Wieser says that Lanserhof is “rightfully seen as a pit-stop, a quick stop-over at the box for managers and entrepreneurs to maintain in good shape and go back to their top performances right after”. Its customers now include people from business, fashion, media and the film industry. The clientele has evolved through time, Lanserhof is no longer regarded as a place for overweight individuals or those with problems with their bodies, “now we have people who know what they should do, who live very healthy and come here to learn, get analysed and motivate themselves. Current customers know a lot about their body and their health,” he says.
A world of opportunities
Potential customers for Lanserhof’s services have grown significantly over time. Wieser attributes this to some of the bare facts of modern “life” styles and work habits: “People are now mostly sitting in the office and working at their computer. This is the problem: the body does not follow the mind!” he laments. Medical research proves his point, if not his vitalist explanation. The correlation between low physical activities and pathologies such as obesity, musculoskeletal and cardiovascular diseases is widely acknowledged and has been amply demonstrated. These problems have become the biggest cause of mortality in all industrialised societies and preventive medicine, fitness and a careful diet are considered the most effective ways to combat the problem. And the need is growing. Lanserhof will even have to enlarge in 2014, but it will add only new facilities and no new rooms as space is a major constraint in the current location. As globalisation brings a homogenisation of lifestyle and needs, especially at the top-tier segment of business executives, the demand for health and wellness services has expanded to regions previously unaffected by this phenomenon: “Countries like Italy, Spain or the entire Latin American continent have little or no solutions in this field,” observes Wieser. It’s no wonder, that investors have been asking him to replicate the concept elsewhere, something he is thinking about for the future. However, Lanserhofs will not be mushrooming on the sunny hills of Tuscany or on the rocky beaches of a Greek island any time soon. Location is a fully integral part of Lans Med Concept and franchising is “very difficult to organise as it requires very deep coordination,” Wieser argues. “It is not like opening a fast food restaurant,” he adds ironically. However, joint-ventures and management cooperation with other structures are part of his long-term vision and will surely contribute to spread new concepts of health and wellbeing.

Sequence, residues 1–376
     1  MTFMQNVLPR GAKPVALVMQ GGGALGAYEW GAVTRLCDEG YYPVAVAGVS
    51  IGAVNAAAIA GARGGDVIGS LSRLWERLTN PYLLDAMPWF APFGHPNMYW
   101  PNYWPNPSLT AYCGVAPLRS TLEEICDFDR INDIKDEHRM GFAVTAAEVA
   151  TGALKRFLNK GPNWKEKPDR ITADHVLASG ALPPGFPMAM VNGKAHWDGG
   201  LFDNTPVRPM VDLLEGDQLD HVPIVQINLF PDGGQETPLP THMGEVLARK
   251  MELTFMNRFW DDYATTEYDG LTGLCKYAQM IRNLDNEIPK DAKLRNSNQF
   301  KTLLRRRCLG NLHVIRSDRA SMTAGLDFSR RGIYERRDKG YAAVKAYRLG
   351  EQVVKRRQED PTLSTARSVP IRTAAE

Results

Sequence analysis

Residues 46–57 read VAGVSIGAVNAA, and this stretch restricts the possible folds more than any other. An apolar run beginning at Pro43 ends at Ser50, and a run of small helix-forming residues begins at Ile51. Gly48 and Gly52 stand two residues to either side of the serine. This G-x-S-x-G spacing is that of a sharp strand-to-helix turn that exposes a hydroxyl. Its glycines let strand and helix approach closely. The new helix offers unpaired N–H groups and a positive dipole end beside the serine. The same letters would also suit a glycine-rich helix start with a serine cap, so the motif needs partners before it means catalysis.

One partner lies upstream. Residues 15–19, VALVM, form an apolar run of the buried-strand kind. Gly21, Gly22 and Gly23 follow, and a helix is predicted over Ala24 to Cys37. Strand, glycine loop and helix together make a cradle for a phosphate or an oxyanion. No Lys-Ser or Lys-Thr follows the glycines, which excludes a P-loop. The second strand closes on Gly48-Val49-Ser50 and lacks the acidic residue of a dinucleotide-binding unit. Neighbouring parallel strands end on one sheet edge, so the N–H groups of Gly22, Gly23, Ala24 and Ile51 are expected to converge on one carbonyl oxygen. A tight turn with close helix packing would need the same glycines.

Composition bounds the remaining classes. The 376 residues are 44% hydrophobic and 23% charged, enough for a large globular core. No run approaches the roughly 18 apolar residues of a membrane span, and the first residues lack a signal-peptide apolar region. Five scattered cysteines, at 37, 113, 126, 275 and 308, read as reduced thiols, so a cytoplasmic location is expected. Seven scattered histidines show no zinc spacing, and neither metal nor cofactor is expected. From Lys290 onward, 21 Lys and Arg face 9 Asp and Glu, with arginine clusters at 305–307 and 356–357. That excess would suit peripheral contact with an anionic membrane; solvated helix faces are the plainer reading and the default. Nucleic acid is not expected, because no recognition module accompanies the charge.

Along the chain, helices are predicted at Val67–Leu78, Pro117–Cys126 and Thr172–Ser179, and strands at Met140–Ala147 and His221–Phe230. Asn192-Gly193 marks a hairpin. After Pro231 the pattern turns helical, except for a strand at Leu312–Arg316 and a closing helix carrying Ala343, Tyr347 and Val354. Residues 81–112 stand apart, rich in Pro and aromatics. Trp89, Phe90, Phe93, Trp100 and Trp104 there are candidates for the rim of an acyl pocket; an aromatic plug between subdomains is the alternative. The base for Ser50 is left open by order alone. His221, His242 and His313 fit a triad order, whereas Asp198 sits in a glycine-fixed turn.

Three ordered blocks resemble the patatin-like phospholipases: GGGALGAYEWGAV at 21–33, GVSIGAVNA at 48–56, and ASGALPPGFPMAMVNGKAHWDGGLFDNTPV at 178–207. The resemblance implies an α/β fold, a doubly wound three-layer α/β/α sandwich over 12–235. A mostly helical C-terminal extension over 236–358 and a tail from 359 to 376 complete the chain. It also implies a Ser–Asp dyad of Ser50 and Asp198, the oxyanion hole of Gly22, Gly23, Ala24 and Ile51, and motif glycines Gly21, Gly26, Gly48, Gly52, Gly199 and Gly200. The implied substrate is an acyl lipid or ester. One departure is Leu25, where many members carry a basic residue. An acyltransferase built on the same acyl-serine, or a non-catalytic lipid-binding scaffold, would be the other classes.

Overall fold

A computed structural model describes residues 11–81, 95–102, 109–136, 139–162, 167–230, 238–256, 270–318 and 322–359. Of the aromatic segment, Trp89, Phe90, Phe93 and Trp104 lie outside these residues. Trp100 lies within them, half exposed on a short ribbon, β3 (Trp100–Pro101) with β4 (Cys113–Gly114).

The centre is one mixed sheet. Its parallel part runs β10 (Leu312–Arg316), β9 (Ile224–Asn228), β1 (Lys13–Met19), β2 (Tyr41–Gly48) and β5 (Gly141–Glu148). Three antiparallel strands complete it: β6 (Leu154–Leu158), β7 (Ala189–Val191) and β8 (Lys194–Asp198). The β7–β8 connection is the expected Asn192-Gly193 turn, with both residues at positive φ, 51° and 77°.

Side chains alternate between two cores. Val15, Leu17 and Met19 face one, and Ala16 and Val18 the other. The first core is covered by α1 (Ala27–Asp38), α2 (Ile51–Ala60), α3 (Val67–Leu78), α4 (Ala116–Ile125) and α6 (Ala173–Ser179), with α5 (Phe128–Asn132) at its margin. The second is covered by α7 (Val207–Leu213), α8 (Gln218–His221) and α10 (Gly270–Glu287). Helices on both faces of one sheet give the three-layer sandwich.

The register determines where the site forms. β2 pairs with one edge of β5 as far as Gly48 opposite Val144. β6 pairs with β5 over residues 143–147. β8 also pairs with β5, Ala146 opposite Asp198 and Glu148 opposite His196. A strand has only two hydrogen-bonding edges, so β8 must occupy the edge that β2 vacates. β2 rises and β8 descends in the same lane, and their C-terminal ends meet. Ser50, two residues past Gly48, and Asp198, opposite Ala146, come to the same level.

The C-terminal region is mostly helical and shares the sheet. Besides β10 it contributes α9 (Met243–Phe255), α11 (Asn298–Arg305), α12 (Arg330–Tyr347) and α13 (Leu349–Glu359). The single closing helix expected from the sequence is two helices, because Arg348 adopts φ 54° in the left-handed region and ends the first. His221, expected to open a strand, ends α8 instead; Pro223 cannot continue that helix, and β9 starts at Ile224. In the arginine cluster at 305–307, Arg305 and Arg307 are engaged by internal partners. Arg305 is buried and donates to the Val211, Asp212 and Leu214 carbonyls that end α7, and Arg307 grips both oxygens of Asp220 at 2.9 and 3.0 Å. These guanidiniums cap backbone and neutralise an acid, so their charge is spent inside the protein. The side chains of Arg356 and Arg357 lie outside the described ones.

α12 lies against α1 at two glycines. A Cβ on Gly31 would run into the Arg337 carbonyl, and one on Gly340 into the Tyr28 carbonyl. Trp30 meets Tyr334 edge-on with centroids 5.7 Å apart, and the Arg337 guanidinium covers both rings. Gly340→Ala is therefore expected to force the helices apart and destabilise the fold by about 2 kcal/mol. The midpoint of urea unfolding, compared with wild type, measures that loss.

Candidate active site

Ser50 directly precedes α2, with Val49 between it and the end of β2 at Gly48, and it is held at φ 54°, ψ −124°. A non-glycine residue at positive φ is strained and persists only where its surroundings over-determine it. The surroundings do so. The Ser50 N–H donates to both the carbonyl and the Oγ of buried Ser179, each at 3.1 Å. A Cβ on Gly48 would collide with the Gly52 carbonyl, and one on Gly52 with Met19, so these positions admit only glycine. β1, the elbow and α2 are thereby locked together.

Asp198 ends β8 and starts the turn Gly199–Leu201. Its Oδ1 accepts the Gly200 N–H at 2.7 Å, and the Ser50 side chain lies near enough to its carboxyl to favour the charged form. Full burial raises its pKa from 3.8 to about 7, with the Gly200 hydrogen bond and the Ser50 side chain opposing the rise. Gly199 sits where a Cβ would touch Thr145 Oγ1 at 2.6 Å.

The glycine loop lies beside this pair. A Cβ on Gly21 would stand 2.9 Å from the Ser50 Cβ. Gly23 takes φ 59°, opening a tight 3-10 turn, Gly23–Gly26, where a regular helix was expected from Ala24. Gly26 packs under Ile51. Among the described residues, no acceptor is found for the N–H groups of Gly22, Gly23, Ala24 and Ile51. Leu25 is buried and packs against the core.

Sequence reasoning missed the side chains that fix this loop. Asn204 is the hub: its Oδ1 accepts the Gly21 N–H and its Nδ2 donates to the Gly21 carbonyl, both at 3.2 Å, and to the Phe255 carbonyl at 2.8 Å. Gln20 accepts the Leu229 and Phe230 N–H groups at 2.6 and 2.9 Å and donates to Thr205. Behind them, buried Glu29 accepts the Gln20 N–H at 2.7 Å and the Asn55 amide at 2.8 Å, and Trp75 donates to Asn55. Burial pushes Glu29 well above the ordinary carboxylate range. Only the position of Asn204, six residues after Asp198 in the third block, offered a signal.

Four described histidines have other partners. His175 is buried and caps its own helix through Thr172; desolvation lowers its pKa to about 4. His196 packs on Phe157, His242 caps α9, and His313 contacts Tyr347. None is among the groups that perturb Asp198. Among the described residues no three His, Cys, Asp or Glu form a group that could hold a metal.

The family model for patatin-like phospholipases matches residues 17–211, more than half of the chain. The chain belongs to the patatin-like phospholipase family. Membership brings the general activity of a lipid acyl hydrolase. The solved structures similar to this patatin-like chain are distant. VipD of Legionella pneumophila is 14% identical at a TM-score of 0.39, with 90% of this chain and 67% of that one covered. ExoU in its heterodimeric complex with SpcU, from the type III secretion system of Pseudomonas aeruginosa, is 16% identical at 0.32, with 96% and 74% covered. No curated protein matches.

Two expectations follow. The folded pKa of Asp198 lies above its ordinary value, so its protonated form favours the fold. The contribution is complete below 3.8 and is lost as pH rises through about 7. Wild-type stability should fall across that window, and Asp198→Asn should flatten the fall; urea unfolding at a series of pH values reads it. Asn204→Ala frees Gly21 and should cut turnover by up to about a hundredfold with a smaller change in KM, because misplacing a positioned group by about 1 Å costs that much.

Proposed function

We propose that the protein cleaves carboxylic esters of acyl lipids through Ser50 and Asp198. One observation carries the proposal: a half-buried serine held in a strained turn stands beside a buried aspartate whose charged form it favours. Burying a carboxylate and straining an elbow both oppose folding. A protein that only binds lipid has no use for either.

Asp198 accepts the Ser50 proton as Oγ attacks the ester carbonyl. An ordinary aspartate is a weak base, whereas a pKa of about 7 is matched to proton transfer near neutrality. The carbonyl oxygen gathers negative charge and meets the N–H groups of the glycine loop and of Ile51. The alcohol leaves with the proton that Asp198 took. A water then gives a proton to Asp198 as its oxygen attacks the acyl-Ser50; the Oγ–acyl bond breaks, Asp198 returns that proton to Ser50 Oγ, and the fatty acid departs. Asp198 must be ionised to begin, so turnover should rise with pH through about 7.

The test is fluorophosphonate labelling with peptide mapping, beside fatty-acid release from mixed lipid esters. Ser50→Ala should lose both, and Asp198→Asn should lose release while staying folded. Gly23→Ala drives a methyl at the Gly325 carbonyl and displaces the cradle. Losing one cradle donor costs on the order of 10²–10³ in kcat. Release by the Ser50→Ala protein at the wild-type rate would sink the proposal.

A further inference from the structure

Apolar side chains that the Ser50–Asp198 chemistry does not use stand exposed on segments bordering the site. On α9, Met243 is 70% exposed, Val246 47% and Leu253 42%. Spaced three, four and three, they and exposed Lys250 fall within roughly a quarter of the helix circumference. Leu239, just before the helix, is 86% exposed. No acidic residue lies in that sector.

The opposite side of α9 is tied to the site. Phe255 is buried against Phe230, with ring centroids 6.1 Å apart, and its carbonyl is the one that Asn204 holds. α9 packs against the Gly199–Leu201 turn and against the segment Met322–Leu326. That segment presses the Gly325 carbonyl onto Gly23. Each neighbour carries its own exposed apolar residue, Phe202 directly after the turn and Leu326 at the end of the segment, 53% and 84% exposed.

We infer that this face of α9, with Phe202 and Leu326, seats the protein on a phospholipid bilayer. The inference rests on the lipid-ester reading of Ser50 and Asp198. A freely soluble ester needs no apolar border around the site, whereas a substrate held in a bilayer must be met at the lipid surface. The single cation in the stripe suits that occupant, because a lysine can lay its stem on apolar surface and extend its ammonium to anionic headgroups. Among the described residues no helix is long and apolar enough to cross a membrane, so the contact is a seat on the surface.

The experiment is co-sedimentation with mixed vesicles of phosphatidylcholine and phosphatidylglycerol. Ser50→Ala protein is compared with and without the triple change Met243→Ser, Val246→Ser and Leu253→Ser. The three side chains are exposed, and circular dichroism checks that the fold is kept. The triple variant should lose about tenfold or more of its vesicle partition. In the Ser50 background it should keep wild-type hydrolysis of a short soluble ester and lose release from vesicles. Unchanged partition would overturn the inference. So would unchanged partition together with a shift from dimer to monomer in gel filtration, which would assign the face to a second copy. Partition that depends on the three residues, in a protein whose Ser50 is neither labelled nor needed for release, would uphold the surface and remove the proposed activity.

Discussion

Andreas Wieser based his Lans Med Concept on the work of the naturopath Franz Xaver Mayr (1875–1965). Naturopathy, or Naturopathic Medicine, is a form of alternative medicine based on the vitalism which posits the existence of a special energy called vital energy not explicable by the laws of physics and chemistry.
Naturopathic philosophy favours a holistic approach to health issues, seeing physical, social and mental as inextricably linked. Most naturopathic physicians employ the principles of naturopathy within the context of conventional medical practices. Even though Lanserhof defines it as the “medicine of the future,” its origins are rather old.
Modern naturopathy was founded in Germany and the United States at the end of the nineteenth century and, after a period of rapid growth, went into decline after the 1930s. Beginning in the 1970s, interest for naturopathy revamped, especially in the United States and Canada.
Although naturopathy is increasingly accepted by the general public, members of the medical community show a critical view of naturopathy, especially due to its unproven vitalistic underpinnings. However, collaborative efforts between naturopaths and medical doctors, such as the one taking place at Lanserhof, are growing and have proven effective in the prevention and management of a broad range of common ailments.
The people who enchanted Andreas Wieser and made him take the bald step of taking over Lanserhof and transforming it in what it is now are the 900-odd inhabitants of Lans, situated 8 kilometres south of Innsbruck, in Tyrol. The village is located along an old salt road and was first mentioned in a document of AD 1180. Along with Lanserhof, its main attraction is a glacial-origin lake named Lanser See, which offers wonderful ice-skating in the winter.
Article by Andrea Bonzanni